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Goodbye, Darwin

Music Appreciation and Musical Publics
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Abstract

A famous anecdote about Beethoven quotes him as complaining about the behavior of a Berlin audience after one of his performances there. He was not applauded, he reports, but people crowded around him and wept, which was not what he wanted, preferring that they show their appreciation through applause.1 According to Beethoven scholars, sometime after this incident, clapping became the norm. Beethoven’s career coincides with the beginning of a middle-class classical music audience and the initial formation of the rules of concert etiquette in which listening, replacing more active forms of participation, became the norm.2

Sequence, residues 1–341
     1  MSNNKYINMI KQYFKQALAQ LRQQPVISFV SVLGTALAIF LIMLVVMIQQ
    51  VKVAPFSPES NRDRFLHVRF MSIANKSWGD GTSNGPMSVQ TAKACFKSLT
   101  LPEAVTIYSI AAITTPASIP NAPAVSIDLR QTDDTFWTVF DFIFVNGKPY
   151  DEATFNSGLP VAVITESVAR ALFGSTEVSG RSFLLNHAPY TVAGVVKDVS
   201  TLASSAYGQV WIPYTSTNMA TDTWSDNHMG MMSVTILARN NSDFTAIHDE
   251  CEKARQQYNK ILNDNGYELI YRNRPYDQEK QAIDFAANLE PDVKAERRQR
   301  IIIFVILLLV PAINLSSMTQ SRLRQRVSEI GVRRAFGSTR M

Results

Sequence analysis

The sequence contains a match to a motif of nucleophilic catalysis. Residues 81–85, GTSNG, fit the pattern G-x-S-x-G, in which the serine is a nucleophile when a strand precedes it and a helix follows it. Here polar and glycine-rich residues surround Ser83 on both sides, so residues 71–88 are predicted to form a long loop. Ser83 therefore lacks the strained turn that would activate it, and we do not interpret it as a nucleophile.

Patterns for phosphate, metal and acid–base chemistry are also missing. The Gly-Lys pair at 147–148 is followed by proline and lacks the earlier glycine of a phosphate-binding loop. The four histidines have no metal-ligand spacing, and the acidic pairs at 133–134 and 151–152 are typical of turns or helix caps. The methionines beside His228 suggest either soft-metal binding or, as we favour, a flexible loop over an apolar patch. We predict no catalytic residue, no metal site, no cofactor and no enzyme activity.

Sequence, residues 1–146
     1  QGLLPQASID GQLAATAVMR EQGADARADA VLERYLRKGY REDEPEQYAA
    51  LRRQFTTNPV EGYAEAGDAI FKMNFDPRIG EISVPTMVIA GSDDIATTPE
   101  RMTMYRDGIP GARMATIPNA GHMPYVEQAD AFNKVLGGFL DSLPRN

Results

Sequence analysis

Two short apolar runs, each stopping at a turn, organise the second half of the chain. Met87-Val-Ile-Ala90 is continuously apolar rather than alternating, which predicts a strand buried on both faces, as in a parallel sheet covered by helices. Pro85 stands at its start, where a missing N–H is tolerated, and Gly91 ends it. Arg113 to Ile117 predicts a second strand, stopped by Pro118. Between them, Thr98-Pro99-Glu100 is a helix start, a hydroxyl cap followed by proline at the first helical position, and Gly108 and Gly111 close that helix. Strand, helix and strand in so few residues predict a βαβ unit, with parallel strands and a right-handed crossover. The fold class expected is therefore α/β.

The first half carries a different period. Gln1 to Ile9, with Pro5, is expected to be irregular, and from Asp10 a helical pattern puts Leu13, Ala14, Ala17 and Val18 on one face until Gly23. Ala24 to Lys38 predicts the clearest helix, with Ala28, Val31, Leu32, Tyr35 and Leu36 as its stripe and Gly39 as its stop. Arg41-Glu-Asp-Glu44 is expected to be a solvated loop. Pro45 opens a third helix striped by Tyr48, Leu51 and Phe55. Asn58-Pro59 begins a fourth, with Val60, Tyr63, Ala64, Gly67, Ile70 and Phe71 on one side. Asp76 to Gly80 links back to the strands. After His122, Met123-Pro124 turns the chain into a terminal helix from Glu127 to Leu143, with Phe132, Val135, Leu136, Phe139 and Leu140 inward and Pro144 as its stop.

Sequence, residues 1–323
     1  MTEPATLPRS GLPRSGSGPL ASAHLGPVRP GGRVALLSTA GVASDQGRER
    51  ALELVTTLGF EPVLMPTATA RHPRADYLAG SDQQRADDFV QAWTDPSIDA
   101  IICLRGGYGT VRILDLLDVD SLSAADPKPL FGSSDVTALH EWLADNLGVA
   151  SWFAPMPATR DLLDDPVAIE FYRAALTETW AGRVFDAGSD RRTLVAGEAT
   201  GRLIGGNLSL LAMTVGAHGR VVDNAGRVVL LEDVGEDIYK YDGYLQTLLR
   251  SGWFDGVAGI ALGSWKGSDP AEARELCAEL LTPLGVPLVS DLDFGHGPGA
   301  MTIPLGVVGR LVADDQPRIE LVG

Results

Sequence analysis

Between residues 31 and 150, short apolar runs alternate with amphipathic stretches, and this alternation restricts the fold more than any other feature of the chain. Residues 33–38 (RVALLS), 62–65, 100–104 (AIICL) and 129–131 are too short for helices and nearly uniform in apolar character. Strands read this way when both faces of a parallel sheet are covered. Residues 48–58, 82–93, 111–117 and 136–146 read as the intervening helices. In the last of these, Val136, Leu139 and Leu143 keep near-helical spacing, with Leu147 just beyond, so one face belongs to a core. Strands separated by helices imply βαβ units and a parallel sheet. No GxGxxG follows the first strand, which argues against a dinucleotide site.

Keywords

Classical Music Popular Music Music Educator Entertainment Venue Musical Object 
These keywords were added by machine and not by the authors. This process is experimental and the keywords may be updated as the learning algorithm improves.

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Notes

  1. 57.
    Anne Shaw Faulkner, What We Hear in Music, ed. Victor Talking Machine Company (Camden: RCA Victor, 1928).Google Scholar

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© Ruth Gustafson 2009

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